ANNAPOLIS -- What one piece of legislation in the State House has managed to stall a half-dozen other bills, add fuel to a bitter feud, and inspire a host of strong-arm tactics?
No, it's not the budget.
It's an ethics bill, of all things, and a local one at that. But it involves the 1994 governor's race, and that's enough to make the players take off the gloves.
The legislation, a Prince George's County ethics bill, is designed to restrict developers' political contributions in that county, where a federal investigation of zoning practices is under way.
But the bill's momentum -- it died once this week, only to be resurrected the next day -- is powered by an ongoing rivalry between Senate President Thomas V. Mike Miller Jr. and Prince George's County Executive Parris N. Glendening.
Mr. Glendening, a Democrat, has indicated he may run for governor in 1994. Mr. Miller, also a Prince George's Democrat, is keeping his options for statewide office open.
But Mr. Glendening's ambitions irk Mr. Miller. And Mr. Glendening believes the ethics bill is tailor-made to hamper his fund-raising.
Call it dog-in-the-manger. Call it Schadenfreude, but only if you're German. Or, if you're from Prince George's County, call it malicious glee at the misfortune of your enemies. Whatever you call it, the rivalry is intense and its offshoot, the ethics bill, has ended up with hostages being taken in both chambers.
The story is easiest to follow as a daily soap opera.
* Tuesday: Mr. Miller, having learned that the ethics bill was about to die in the House Constitutional and Administrative Law Committee, blasts Mr. Glendening from his Senate podium.
The Senate president says the county executive, who has balanced his budget assuming tax legislation will be enacted by the General Assembly, has perpetrated "chicanery" and a "fraud."
"That's not polite, is it?" Mr. Glendening responds. Meanwhile, the ethics bill dies in a House committee for lack of a majority. Del. Anne S. Perkins, the Baltimore Democrat who chairs the committee, said she won't reconsider it.
* Wednesday: The ethics bill lives. Tacked onto a House bill by one of Mr. Miller's Prince George's County colleagues, it moves through the Senate in one afternoon and returns to Ms. Perkins' committee.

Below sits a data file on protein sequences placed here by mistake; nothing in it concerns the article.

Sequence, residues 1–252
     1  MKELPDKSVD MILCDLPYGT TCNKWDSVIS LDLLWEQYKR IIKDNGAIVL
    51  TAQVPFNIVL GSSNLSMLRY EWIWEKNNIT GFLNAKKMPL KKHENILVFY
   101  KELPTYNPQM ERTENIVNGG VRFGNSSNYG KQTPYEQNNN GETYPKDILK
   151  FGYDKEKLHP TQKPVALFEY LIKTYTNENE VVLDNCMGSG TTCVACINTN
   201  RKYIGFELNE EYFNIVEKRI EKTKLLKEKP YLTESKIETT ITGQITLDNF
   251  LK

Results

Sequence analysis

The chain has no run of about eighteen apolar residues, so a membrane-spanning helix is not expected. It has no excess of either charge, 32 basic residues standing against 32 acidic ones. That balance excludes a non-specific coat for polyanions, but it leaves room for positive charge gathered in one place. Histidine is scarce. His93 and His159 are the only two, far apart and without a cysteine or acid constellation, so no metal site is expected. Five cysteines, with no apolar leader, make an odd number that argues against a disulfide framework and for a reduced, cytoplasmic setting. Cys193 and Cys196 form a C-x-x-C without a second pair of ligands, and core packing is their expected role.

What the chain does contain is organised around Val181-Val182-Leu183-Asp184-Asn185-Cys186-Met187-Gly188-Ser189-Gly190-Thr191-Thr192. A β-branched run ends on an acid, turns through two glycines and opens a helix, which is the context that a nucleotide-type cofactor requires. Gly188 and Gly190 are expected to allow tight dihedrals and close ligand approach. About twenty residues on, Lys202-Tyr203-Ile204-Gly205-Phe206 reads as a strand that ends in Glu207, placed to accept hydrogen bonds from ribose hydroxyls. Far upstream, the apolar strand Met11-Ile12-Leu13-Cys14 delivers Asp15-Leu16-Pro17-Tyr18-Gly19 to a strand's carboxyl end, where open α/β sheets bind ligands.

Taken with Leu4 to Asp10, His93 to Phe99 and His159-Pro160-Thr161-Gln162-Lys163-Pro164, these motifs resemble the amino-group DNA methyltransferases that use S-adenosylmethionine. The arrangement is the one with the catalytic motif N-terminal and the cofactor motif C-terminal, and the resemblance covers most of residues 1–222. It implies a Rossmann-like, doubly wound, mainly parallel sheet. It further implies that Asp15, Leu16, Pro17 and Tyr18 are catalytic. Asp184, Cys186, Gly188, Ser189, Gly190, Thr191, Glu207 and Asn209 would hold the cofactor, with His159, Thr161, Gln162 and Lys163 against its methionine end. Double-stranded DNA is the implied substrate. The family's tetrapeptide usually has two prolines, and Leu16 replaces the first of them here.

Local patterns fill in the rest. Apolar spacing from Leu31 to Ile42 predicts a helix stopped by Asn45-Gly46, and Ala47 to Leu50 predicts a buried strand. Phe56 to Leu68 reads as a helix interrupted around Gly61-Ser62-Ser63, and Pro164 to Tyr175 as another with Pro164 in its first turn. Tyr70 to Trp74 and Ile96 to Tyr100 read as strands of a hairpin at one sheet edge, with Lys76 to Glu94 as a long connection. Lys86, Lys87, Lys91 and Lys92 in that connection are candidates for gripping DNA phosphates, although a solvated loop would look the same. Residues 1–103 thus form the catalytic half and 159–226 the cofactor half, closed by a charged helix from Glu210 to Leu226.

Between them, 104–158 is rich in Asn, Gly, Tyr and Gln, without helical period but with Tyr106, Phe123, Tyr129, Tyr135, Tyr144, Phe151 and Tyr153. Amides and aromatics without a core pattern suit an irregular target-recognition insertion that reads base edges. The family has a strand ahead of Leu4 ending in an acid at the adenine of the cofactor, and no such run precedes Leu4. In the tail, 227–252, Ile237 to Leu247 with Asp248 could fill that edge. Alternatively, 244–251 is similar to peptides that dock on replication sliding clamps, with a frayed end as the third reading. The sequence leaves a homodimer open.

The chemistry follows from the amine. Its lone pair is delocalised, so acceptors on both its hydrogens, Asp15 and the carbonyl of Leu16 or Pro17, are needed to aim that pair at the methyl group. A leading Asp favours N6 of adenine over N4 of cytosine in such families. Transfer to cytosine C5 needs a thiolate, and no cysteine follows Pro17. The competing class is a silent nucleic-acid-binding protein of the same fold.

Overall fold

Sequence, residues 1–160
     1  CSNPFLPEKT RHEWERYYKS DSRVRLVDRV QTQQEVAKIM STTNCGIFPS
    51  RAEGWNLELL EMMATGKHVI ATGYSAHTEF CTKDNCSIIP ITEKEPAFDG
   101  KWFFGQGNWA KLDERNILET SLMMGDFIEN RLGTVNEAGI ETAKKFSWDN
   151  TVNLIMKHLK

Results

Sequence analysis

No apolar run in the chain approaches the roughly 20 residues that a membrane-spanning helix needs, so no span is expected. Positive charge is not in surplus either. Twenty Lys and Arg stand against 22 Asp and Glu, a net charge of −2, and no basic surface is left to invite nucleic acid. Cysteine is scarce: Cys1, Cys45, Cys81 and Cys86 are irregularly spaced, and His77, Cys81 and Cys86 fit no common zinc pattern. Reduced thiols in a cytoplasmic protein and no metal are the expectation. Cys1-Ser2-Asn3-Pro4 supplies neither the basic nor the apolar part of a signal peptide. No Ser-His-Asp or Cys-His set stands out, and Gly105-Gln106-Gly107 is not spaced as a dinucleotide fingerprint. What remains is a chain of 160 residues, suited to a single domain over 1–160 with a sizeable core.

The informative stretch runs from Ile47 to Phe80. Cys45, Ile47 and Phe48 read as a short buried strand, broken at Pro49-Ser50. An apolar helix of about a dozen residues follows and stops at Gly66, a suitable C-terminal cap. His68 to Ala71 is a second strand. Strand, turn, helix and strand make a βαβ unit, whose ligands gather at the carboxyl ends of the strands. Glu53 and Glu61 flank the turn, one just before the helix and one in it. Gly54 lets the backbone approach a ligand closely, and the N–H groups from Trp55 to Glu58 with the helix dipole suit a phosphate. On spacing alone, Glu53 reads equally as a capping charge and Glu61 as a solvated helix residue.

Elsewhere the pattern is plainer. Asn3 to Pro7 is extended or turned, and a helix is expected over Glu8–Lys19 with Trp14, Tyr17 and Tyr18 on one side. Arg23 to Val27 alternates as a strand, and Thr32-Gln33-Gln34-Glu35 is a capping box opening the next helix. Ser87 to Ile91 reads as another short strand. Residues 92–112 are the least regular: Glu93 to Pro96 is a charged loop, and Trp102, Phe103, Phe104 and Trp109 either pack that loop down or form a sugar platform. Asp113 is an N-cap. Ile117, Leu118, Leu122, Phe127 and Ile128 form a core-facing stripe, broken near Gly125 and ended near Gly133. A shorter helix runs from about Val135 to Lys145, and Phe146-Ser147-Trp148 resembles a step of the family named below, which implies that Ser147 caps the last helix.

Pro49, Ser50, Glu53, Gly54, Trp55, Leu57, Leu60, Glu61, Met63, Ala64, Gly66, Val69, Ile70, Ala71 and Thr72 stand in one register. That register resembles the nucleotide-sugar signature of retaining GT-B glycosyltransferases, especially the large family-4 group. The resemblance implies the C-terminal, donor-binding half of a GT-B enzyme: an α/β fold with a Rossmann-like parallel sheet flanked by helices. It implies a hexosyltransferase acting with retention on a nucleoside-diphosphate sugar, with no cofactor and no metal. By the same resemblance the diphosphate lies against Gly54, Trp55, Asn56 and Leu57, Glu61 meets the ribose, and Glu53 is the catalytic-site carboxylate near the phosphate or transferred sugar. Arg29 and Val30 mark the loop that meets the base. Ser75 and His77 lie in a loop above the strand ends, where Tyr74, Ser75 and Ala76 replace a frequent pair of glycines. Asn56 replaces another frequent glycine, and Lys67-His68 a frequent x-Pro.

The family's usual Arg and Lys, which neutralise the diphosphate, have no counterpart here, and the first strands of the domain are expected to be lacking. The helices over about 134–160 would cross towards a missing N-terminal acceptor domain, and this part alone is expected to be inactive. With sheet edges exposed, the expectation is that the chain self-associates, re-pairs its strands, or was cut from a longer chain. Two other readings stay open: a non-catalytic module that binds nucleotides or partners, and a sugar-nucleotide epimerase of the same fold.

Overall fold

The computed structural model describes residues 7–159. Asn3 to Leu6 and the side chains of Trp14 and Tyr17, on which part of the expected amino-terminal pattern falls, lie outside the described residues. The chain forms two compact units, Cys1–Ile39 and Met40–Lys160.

Meanwhile, the Senate postpones action on four of Ms. Perkins' bills and several sponsored by members of her committee. The requests to delay, or to "special order," all come from Prince George's senators.
* Thursday: More delays on Ms. Perkins' bills. Meanwhile, Ms. Perkins' committee has decided to hold up action on all Senate bills, about 20 in all.
Mr. Glendening's only comment on the machinations: "I wish they would spend as much time working on the budget."
* Friday: Sen. Frederick C. Malkus Jr., a Dorchester Democrat who happens to have three bills in Ms. Perkins' committee, asks the Senate to move at least one of her bills so that his might go free.
The Senate agrees, although Mr. Miller can't resist this jab: "They can't be good bills if they're in that committee."
Ms. Perkins says she is a reluctant player in this game. Every year at session's end, some bill rises to unexpected importance simply because someone in power wants it passed or killed. But Ms. Perkins says she has to protect her committee members from the fallout.
"I've learned how to protect my backside, but I can't not protect my committee members' bills," said Ms. Perkins. "That ethics bill -- the type of intimidation and threats that were made on my committee members were way beyond any sort of persuasion usually brought to bear on legislation."
Will the ethics bill come out of Ms. Perkins' committee? Will any bills come out of Ms. Perkins committee? Will the senators from Prince George's County remember whose turn it is to keep the house bills from a vote?
Tune in Monday.
Today in Annapolis
10 a.m.: House and Senate convene, State House.
Committees will meet on an impromptu basis.
There are three days remaining in the regular 1992 General Assembly session.